The classification of organisms, known as taxonomy, is an essential branch of science. Taxonomy tells us how organisms are related to one another using both morphology and genetic information. Through established taxonomic frameworks, for example for plants and animals, scientists and non-scientists are better able to understand the diversity of life on earth.
Yet, one taxonomic framework is surprisingly absent: one for single-celled microeukaryotes (microscopic organisms with a distinct nucleus). Their intricate body types, evolutionary history and puzzling life strategies complicate characterization efforts leaving a current gap in the language to describe these organisms.
To fill this taxonomy gap, the Gordon and Betty Moore Foundation is supporting “UniEuk” — a Universal taxonomic framework for classifying single-celled Eukaryotic microorganisms. UniEuk is an open, inclusive, community-based and expert-driven international initiative. Recently, the effort was formally announced in the Journal of Eukaryotic Microbiology. In the announcement, the authors discuss why single-celled microeukaryote taxonomy is needed and how the community can work together to bring it about through UniEuk.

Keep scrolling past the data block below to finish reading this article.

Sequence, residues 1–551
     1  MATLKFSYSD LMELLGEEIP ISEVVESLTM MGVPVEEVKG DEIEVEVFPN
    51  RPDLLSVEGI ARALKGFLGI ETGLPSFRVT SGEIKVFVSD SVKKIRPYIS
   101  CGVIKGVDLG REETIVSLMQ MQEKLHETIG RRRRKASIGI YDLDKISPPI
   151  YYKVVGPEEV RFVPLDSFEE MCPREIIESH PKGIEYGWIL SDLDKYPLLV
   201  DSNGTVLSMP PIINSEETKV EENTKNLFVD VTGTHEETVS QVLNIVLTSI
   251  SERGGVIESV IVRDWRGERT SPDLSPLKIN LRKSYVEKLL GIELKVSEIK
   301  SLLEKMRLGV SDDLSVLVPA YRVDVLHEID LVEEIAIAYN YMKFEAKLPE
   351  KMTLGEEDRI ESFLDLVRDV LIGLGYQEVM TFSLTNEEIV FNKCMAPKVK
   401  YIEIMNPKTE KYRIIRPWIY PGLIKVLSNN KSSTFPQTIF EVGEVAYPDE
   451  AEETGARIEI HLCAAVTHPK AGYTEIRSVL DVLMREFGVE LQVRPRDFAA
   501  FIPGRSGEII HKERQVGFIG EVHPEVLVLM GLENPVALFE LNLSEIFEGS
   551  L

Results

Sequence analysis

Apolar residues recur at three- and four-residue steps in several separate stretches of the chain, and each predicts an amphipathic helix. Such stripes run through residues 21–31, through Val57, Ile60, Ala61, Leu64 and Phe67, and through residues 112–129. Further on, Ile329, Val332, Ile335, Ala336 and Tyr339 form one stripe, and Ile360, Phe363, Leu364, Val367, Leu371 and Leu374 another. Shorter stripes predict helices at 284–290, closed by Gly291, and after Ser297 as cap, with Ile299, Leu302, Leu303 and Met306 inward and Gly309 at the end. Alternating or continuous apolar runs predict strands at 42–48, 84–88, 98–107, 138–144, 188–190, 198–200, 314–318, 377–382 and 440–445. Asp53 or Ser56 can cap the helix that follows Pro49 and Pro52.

The UniEuk project is an example of how, through the Science Program, we have supported the creation of tools and infrastructure to help understand and analyze organisms through a taxonomic lens.
Read more about the Science program here.
This project also complements two Moore Foundation Marine Microbiology Initiative activities: (1) the Marine Microbial Eukaryote Transcriptome Sequencing Project, a community effort to characterize the gene content of over 400 unique microbial eukaryotes, and (2) the Experimental Model Systems portfolio, aimed at screening microbial eukaryotes for genetic transformability and developing genetic tools in microbial eukaryote groups. Learn more about the Marine Microbiology Initiative here.
To connect with and join the UniEuk effort, visit http://unieuk.org.